Kanaan maintains that companies against CDL as a way of doing business are “dinosaurs” and that digital lending is the future. “We see the Internet Archive as a partner in our endeavor to get our information out,” Kanaan says. “We want to achieve a better world for most of its inhabitants. We’re fighting against the 1 percent who only want a better world only for themselves. I’m hoping we are not just on the right side of history, but that we are actually going to win this one.”


The Internet Archive has been buying ebooks from publishers for more than 10 years, but the number has been limited because most publishers insist on license arrangements that constrain our ability to preserve and lend.  If you would like to sell ebooks to the Internet Archive and other libraries, please contact us at info@archive.org.

Author Shares Mentoring Expertise Through Controlled Digital Lending

Rik Nemanick believes in the power of mentoring in the workplace. As an author, corporate consultant, and university instructor, he explains to business leaders and students how a mentor can bring the best out in others.

The Mentor’s Way: Eight Rules for Bringing Out the Best in Others by Rik Nemanick, now available for borrowing through Controlled Digital Lending.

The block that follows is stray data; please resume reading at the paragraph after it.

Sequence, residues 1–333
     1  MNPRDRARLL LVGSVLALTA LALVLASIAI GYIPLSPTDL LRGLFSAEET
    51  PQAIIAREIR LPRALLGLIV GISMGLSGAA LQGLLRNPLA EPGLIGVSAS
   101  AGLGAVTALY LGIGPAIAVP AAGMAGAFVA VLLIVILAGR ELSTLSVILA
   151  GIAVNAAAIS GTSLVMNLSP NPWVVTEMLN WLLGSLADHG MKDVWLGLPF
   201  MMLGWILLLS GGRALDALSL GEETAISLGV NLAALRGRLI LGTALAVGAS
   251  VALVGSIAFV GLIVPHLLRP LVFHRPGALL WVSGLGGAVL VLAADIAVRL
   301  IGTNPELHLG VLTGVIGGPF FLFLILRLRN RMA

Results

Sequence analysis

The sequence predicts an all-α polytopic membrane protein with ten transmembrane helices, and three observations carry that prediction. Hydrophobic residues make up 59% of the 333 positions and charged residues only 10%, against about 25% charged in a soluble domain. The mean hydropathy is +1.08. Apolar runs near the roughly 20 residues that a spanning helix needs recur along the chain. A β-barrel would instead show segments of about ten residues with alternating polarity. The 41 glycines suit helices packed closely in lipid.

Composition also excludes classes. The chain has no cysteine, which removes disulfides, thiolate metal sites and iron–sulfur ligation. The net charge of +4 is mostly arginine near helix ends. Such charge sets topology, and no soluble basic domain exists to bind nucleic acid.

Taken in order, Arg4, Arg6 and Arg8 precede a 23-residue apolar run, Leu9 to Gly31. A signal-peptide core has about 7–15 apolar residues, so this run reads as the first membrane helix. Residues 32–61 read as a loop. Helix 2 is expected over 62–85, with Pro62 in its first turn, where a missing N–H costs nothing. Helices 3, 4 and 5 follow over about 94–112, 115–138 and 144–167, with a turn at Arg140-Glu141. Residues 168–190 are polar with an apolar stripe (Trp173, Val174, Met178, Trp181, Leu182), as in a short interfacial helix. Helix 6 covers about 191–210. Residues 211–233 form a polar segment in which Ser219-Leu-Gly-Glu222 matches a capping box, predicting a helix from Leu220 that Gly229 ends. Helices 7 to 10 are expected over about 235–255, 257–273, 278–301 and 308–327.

“A mentor is different from a teacher who imparts knowledge,” Nemanick says. “A good mentor broadens someone’s perspective and opens doors. It’s about challenging someone’s thinking and creating a relationship.”

Over the years, the St. Louis businessman was urged to put his leadership development research and expertise into a book. Published in 2016 by Routledge, The Mentor’s Way: Eight Rules for Bringing Out the Best in Others, is now available for lending through the Internet Archive.

“I want my message out there. I saw the Internet Archive as a way to make it more available to more people,” Nemanick says of his recent donation to the Controlled Digital Lending program. “The book sitting on Amazon or a shelf doesn’t get anyone engaged as much as if it’s available at the library.”

One of the first things that Nemanick says he did when the book was published was to donate a copy to Washington University Library in St. Louis. He wanted it available for students in his executive education graduate courses in leadership, mentoring, and human resource metrics so they could learn the concepts he advocates.

Author and mentoring consultant Rik Nemanick

Through his work, Nemanick says he wants to challenge the way people think about mentoring and offer practical ideas. Often people enter their careers with certain, narrow expectations and a mentor can be critical with the workplace adjustment. “A mentor can help someone find their way in their profession,” he says. “My hope is that people can find their fit more easily with the information in my book.”

Nemanick says he does not worry about his book being hurt by library lending through Controlled Digital Lending.